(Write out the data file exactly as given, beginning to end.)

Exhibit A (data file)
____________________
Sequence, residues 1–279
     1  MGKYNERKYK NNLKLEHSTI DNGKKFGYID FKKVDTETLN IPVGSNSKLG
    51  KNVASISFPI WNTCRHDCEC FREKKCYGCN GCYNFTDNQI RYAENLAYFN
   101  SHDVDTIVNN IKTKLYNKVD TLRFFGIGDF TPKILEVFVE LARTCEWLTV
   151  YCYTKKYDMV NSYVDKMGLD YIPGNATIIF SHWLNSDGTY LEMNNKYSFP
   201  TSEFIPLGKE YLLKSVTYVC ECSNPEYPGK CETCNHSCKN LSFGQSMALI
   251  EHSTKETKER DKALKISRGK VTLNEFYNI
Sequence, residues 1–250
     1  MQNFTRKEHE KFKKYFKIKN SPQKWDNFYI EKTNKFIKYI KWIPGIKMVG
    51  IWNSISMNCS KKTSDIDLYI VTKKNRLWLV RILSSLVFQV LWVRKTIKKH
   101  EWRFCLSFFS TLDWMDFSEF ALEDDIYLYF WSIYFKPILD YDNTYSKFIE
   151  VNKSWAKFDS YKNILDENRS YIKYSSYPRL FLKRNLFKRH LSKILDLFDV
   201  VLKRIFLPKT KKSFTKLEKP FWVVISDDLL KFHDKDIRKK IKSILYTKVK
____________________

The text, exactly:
Sequence, residues 1–279
     1  MGKYNERKYK NNLKLEHSTI DNGKKFGYID FKKVDTETLN IPVGSNSKLG
    51  KNVASISFPI WNTCRHDCEC FREKKCYGCN GCYNFTDNQI RYAENLAYFN
   101  SHDVDTIVNN IKTKLYNKVD TLRFFGIGDF TPKILEVFVE LARTCEWLTV
   151  YCYTKKYDMV NSYVDKMGLD YIPGNATIIF SHWLNSDGTY LEMNNKYSFP
   201  TSEFIPLGKE YLLKSVTYVC ECSNPEYPGK CETCNHSCKN LSFGQSMALI
   251  EHSTKETKER DKALKISRGK VTLNEFYNI
Sequence, residues 1–250
     1  MQNFTRKEHE KFKKYFKIKN SPQKWDNFYI EKTNKFIKYI KWIPGIKMVG
    51  IWNSISMNCS KKTSDIDLYI VTKKNRLWLV RILSSLVFQV LWVRKTIKKH
   101  EWRFCLSFFS TLDWMDFSEF ALEDDIYLYF WSIYFKPILD YDNTYSKFIE
   151  VNKSWAKFDS YKNILDENRS YIKYSSYPRL FLKRNLFKRH LSKILDLFDV
   201  VLKRIFLPKT KKSFTKLEKP FWVVISDDLL KFHDKDIRKK IKSILYTKVK